Blocking LINGO-1 in vivo reduces degeneration and enhances regeneration of the optic nerve.
AuthorGresle, MM; Liu, Y; Kilpatrick, TJ; Kemper, D; Wu, Q-Z; Hu, B; Fu, Q-L; So, K-F; Sheng, G; Huang, G; ...
Source TitleMultiple Sclerosis Journal - Experimental, Translational and Clinical
University of Melbourne Author/sGresle, Melissa; Butzkueven, Helmut; Kilpatrick, Trevor; KEMPER, DENNIS
AffiliationFlorey Department of Neuroscience and Mental Health
Centre for Neuroscience
Document TypeJournal Article
CitationsGresle, M. M., Liu, Y., Kilpatrick, T. J., Kemper, D., Wu, Q. -Z., Hu, B., Fu, Q. -L., So, K. -F., Sheng, G., Huang, G., Pepinsky, B., Butzkueven, H. & Mi, S. (2016). Blocking LINGO-1 in vivo reduces degeneration and enhances regeneration of the optic nerve.. Mult Scler J Exp Transl Clin, 2, pp.2055217316641704-. https://doi.org/10.1177/2055217316641704.
Access StatusOpen Access
Open Access at PMChttp://www.ncbi.nlm.nih.gov/pmc/articles/PMC5433342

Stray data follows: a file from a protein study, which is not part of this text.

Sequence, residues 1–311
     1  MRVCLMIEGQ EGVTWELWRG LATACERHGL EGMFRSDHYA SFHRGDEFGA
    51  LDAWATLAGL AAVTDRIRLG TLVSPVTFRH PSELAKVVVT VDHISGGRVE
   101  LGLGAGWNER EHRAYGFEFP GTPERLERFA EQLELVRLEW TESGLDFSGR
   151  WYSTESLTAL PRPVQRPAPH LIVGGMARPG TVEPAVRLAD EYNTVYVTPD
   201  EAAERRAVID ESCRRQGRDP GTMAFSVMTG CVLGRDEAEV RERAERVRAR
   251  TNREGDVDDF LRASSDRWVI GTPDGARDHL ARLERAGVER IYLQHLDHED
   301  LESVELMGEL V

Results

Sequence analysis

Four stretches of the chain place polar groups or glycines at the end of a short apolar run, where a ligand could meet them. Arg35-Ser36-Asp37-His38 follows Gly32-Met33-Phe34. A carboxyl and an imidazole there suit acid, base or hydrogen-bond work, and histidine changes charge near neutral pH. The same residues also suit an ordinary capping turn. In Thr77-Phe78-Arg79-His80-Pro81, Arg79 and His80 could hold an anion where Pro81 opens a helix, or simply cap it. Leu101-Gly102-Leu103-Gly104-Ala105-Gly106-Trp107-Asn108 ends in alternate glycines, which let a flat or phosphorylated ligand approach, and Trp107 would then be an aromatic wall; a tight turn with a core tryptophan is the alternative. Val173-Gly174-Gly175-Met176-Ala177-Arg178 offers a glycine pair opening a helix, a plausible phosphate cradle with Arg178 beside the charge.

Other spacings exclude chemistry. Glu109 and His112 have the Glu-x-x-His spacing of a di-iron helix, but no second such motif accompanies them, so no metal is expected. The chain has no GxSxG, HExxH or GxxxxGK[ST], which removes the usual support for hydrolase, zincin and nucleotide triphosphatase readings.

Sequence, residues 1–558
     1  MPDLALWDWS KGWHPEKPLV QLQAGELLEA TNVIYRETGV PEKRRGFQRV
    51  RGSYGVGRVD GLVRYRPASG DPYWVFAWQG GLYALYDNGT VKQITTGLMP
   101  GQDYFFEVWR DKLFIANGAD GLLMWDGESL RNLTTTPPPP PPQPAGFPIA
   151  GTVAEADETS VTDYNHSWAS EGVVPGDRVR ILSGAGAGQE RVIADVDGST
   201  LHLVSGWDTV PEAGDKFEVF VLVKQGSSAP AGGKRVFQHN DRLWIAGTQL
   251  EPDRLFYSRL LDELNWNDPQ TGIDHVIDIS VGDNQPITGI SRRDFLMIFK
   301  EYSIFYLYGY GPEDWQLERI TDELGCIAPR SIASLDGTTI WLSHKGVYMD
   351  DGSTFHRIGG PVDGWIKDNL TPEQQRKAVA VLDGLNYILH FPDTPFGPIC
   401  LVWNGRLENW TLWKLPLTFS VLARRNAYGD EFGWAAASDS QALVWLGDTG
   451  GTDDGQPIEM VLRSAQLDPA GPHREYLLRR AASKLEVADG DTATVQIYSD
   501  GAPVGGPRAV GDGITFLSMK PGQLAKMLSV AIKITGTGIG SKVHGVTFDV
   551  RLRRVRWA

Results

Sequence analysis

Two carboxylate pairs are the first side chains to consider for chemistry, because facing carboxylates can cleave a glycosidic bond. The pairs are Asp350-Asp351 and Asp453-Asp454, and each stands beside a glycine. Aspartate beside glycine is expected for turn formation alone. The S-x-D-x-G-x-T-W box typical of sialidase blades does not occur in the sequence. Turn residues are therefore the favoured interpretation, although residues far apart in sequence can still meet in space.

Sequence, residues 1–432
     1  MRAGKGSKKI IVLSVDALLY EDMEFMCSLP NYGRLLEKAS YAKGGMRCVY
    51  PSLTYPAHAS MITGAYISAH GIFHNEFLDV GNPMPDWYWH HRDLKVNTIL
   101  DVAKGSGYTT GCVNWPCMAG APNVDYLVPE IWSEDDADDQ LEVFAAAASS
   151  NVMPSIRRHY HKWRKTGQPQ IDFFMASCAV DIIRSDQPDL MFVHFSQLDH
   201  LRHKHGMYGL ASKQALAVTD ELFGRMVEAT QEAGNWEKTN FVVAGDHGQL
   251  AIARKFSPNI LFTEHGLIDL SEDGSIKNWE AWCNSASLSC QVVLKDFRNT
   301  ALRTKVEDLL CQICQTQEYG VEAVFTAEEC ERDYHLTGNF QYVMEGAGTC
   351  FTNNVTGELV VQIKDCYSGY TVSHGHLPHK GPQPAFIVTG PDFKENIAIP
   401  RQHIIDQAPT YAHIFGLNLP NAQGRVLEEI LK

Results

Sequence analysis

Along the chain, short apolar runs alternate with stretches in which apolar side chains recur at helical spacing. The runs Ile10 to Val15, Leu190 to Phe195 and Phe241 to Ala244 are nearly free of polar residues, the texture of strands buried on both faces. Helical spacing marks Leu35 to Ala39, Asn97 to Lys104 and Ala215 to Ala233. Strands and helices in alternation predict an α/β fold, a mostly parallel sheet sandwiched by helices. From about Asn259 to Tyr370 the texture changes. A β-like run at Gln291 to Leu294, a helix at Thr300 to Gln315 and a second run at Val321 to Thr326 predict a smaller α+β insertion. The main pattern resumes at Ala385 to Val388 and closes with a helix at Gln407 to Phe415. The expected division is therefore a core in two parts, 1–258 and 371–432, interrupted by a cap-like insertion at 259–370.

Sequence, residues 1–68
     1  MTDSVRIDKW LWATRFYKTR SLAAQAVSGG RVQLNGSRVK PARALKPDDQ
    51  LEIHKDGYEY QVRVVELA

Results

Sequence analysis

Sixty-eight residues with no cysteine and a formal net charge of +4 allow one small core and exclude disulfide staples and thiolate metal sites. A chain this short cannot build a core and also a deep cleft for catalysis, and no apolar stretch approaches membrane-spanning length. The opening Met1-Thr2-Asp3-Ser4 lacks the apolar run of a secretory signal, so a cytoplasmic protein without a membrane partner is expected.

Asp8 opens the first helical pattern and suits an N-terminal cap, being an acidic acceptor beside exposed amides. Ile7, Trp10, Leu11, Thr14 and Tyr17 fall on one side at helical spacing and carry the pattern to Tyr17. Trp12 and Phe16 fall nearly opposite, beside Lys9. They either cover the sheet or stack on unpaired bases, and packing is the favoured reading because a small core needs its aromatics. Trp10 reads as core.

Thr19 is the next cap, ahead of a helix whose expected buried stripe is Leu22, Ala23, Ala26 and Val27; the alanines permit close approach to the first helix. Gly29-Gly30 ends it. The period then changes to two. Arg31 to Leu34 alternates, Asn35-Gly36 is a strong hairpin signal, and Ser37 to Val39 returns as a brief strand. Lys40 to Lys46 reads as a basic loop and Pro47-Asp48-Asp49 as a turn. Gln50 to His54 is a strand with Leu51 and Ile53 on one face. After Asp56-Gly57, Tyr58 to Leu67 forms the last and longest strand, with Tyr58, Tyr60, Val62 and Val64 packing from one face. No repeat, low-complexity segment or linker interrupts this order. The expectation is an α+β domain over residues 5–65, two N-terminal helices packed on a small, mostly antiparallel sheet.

BACKGROUND: Two ongoing phase II clinical trials (RENEW and SYNERGY) have been developed to test the efficacy of anti-LINGO-1 antibodies in acute optic neuritis and relapsing forms of multiple sclerosis, respectively. Across a range of experimental models, LINGO-1 has been found to inhibit neuron and oligodendrocyte survival, axon regeneration, and (re)myelination. The therapeutic effects of anti-LINGO-1 antibodies on optic nerve axonal loss and regeneration have not yet been investigated. OBJECTIVE: In this series of studies we investigate if LINGO-1 antibodies can prevent acute inflammatory axonal loss, and promote axonal regeneration after injury in rodent optic nerves. METHODS: The effects of anti-LINGO-1 antibody on optic nerve axonal damage were assessed using rodent myelin oligodendrocyte glycoprotein experimental autoimmune encephalomyelitis (EAE), and its effects on axonal regeneration were assessed in optic nerve crush injury models. RESULTS: In the optic nerve, anti-LINGO-1 antibody therapy was associated with improved optic nerve parallel diffusivity measures on MRI in mice with EAE and reduced axonal loss in rat EAE. Both anti-LINGO-1 antibody therapy and the genetic deletion of LINGO-1 reduced nerve crush-induced axonal degeneration and enhanced axonal regeneration. CONCLUSION: These data demonstrate that LINGO-1 blockade is associated with axonal protection and regeneration in the injured optic nerve.
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